For better or for worse, Layer 3 switching is implemented in many different ways by different vendors. Even in Cisco’s line of Catalyst switches, many different methods are used depending upon the hardware series and model. The different methods used by Catalyst switches will be looked at shortly. For now, let’s reexamine the process by which a traditional router forwards traffic.
Imagine a very simple network that consists of two hosts that are part of different VLANs on the same switch. Each VLAN is connected to a different port on a traditional router. Recall that even though the two hosts are connected to the same switch, routing is necessary in order for them to communicate, since they are members of different VLANs. Host A will create a packet listing itself as the source IP address, and Host B as the destination IP address. It will then frame the packet, listing itself as the source MAC address, and router interface E0 as the destination MAC address. Once complete, the frame is forwarded across the network to the router.
When the frame arrives at the router’s E0 interface, the CRC is calculated, the MAC framing is stripped away, and the packet is passed to the Network Layer. At this layer the router calculates the IP checksum, and then examines the routing table to determine where the packet should be forwarded next. After decrementing the packet’s TTL by 1, the router reframes the packet with its E1 interface as the source MAC address, and the MAC address of Host B as the destination. Once complete, the packet is forwarded back to the switch, and ultimately to Host B. All this work for just one routed packet!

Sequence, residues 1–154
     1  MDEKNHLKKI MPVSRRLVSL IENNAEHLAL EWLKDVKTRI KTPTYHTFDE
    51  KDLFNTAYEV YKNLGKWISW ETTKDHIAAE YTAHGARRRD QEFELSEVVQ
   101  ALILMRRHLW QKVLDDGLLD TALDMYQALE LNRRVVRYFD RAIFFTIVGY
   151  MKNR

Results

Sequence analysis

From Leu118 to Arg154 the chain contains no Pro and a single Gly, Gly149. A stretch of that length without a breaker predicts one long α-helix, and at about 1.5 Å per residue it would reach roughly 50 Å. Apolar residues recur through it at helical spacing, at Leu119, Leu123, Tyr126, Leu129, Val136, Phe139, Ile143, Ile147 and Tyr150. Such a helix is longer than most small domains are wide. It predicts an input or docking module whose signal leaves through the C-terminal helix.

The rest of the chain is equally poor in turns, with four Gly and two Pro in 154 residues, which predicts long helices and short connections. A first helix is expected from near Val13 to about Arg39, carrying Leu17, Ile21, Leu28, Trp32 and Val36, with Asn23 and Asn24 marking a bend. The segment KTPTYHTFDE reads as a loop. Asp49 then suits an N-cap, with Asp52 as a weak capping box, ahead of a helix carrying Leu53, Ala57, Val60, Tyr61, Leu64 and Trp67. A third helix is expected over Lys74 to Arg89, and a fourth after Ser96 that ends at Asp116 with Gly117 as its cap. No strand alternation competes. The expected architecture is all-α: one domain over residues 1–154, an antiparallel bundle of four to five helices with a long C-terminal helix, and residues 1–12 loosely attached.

Ultimately, every routed packet is forwarded in this manner on a traditional IP network. Even though many packets may ultimately need to be forwarded between the same two hosts, this process must still be completed. As you’ll see shortly, Layer 3 switching techniques go a long way towards reducing the amount of overhead associated with routing packets between networks.